Tony Morrison really likes to open a novel in an oddly way; as in Beloved, so is in Song of Solomon. It is opened with a suicide letter from an insurance agent, who announced that he will fly from the hospital top on certain date and hour. ‘Why?’ I instantly asked myself. And my question remained unanswered through almost the whole story. The insurance agent turns out not to be the main character either. He only serves as a symbol. The center of the story is about Macon ‘Milkman’ Dead and his people.
It was on the day of the insurance agent’s suicide, that Milkman was born. He was born in the richest black family in the town; his father was in property business, while his mother was a daughter of a respectable doctor. While he was growing up, little by little the dark secrets of the family were revealed. The ugly truths disturbed Milkman; he felt that he did not have freedom. His father—who wanted to kill him before he was born—now wanted him to help him in business. His mother has used him as a boy to amuse herself. Hagar wanted to have his life because she could not get his love. Even his name he got from someone else’s faults. He felt that everything is a mess, no one lived normally within his family and his people. He was weary of all that and wanted to leave everything behind but had no power to do that as he did not have money.
While Milkman was searching the value of his life, Guitar—his best friend since childhood—was getting weird. He became too serious and was obsessed with racial issues. Milkman found out later that he has joined a society called Seven Days, whose aim was to kill white people as many as they have killed the blacks. Guitar believed that by holding up the population of the whites, they would have less power to oppress the blacks. So, both Milkman and Guitar were finding their own way to escape the crushed world they were now living.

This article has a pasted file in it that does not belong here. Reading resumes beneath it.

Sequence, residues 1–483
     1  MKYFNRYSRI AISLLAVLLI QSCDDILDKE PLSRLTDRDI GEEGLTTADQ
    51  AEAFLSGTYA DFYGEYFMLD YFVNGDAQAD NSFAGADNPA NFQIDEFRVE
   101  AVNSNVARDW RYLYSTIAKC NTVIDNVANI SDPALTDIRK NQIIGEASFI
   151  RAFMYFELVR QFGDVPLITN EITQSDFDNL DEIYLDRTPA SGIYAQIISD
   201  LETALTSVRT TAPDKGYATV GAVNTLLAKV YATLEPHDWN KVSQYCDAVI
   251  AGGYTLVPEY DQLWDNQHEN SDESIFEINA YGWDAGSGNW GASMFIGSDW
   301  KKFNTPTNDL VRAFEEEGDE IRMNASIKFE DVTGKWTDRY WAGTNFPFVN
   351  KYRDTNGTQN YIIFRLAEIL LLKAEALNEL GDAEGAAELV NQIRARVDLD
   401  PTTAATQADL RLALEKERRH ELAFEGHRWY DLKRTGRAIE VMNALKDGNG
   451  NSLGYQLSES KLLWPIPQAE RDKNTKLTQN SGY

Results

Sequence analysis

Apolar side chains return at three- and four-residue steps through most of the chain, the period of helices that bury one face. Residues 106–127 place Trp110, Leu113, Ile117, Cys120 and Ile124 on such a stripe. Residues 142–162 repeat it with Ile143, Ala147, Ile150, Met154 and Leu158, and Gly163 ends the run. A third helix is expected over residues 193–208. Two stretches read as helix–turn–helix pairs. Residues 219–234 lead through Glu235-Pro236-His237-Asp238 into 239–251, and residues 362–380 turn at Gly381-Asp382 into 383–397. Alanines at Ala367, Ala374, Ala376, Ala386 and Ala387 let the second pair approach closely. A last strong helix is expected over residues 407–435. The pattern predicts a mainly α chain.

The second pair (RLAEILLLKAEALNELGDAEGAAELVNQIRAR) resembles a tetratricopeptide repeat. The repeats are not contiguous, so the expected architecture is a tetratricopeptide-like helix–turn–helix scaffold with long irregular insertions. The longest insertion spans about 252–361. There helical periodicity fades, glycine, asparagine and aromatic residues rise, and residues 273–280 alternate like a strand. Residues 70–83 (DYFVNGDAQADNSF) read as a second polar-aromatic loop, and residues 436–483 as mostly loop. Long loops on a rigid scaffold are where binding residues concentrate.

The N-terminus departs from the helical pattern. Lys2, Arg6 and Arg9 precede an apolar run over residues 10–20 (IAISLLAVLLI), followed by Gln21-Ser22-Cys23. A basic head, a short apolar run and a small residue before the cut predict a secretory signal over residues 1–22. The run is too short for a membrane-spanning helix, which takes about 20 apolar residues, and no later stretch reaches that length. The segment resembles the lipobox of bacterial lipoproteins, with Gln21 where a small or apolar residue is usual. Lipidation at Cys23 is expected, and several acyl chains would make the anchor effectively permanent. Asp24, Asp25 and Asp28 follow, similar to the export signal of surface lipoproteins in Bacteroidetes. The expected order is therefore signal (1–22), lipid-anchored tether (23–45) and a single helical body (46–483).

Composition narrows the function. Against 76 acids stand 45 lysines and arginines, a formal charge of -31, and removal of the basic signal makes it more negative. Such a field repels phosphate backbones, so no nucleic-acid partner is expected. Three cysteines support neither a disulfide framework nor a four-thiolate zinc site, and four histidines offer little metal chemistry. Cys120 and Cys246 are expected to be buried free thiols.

Since Milkman has been living quite comfortably, he did not get as desperate as Guitar. His father asked him to trace the sack of gold of his, which he suspected has been stolen by his sister Pilate. This mission finally led Milkman not to the gold, but to the true history of his ancestors. From a children’s song he learned the story of Solomon, his great grandfather, a great Negro who was praised by his people because he managed to ‘fly’. And so Milkman was inspired by Solomon; if his great grandfather could ‘fly’, so could he.
It was only when I was in the last chapter, that I realized what Morrison has been fussing about the ‘fly’. First the fly of the insurance agent in the opening, then Solomon’s fly. And people here don’t feel it strange that a human can fly; instead, they praised Solomon for succeeding in flying, although by doing that he ought to leave his wife grieving. Milkman too was overjoyed of his great grandfather’s achievement. And so I began to think that the ‘fly’ here might means the efforts to leave their present depressing situation to a brighter future. Morrison encourages us that to keep hoping and thinking positively, that someday you might see the chance to fly away.
This is my second Toni Morrison, and I still enjoyed it. Unlike Beloved that is quite shocking, Song of Solomon feels like reading an adventure novel. The plot flows nicely, although Morrison keeps starting chapters from the middle of an event, and while we are asking what it is all about, she throws the clues here and there, until at one point the whole event is revealed.
Four stars for Song of Solomon, and I think I might read Morrison other novels in the future.
*I read Signet edition*
*This book is counted as:*
22nd book for What's In a Name Reading Challenge 2013
11th book for Back To The Classics 2013
62nd book for The Classics Club Project